Conservation Work 2

Elsewhere we’ve shared information about the Archive’s Work In Lockdown including the work of Conservator Helen. We were also lucky to have Helen work on the original Pier Engineering drawings sent for Board of Trade Approval in 1864 – getting them ready for digitisation. You can read more about the digitisation on this link.

The drawings had been stored folded for over a hundred years and needed very special care and attention. Helen has offered to share a summary of that work …… see below.

Clevedon Pier Engineers Drawings

Conservation flattening report

Before commencing treatment, each drawing was examined to look for weak points, which were mainly the folds, but also one item had a particularly vulnerable area around a wax seal.

The two smaller items were dealt with first: there were gently but very gradually opened onto flat blotter sheets. As each fold was opened (often only partly at first) light weights would be used to hold the document in place (avoiding pressure on the folds themselves) and it would be left like this to relax for some time, often overnight. Then the next fold would be opened in a similar way, and so on until slowly the entire document was unfolded. As the drawings relaxed into their new shape, more weight would be added and gradually some weight moved onto the folds themselves. If necessary controlled amounts of moisture could be applied to the folds using a water brush to help them relax.

The larger items were unfolded using a humidity chamber. To create this, the drawing was supported on a layer of Sympatex over lightly dampened blotter. The Sympatex layer controls the moisture, allowing humidity to reach the document without it getting wet. This 3-layer bundle was sandwiched between two sheets of clear polythene, the upper layer gently laid on top and weighted around the edge to keep the humidity in. Because the polythene is clear, the document could be carefully watched during the humidification process. As the item relaxed, the top polythene layer was peeled back, the drawing carefully unfolded a little, and then re-covered. Eventually, the plan was allowed to slowly dry in its new gently flattened state.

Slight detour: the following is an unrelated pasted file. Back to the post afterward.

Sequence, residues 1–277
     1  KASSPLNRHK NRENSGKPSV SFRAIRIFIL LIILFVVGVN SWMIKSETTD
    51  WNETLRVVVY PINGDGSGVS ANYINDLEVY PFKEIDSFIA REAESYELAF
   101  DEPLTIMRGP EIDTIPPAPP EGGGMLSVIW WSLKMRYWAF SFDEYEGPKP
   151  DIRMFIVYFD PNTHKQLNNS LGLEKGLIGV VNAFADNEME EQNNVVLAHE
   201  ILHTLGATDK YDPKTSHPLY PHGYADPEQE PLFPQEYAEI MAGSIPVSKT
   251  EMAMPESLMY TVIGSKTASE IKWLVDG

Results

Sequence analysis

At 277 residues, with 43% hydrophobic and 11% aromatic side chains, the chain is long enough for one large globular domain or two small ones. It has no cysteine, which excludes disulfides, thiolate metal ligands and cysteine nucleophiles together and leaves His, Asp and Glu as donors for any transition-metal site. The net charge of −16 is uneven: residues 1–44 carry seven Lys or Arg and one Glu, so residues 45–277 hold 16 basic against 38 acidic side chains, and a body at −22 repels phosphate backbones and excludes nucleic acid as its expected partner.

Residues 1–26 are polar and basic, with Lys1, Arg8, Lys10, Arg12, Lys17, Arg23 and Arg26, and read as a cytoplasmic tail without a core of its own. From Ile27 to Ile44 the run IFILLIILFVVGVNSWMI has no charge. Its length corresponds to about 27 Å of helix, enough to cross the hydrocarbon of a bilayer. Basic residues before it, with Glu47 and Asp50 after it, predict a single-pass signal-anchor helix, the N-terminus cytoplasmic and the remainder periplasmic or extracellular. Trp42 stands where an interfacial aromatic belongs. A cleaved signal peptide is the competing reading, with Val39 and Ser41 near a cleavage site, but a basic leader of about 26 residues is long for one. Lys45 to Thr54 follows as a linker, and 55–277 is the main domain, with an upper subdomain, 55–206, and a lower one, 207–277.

One of the large drawings actually comprised three layers of tracing paper which had been attached together at the upper corner by a red wax seal and ribbon. Unfortunately, where the item had been stored folded, the layers in contact with the top of the wax seal had become adhered to it. Therefore, before flattening could commence the folded layers had to be separated from the upper surface of the wax seal, using carefully applied and controlled heat coupled with small tools.

Once each plan was gently flattened, they were laid onto a sheet of archival polyester and rolled around a tube, held in place with cotton tying tapes, for transport and storage.

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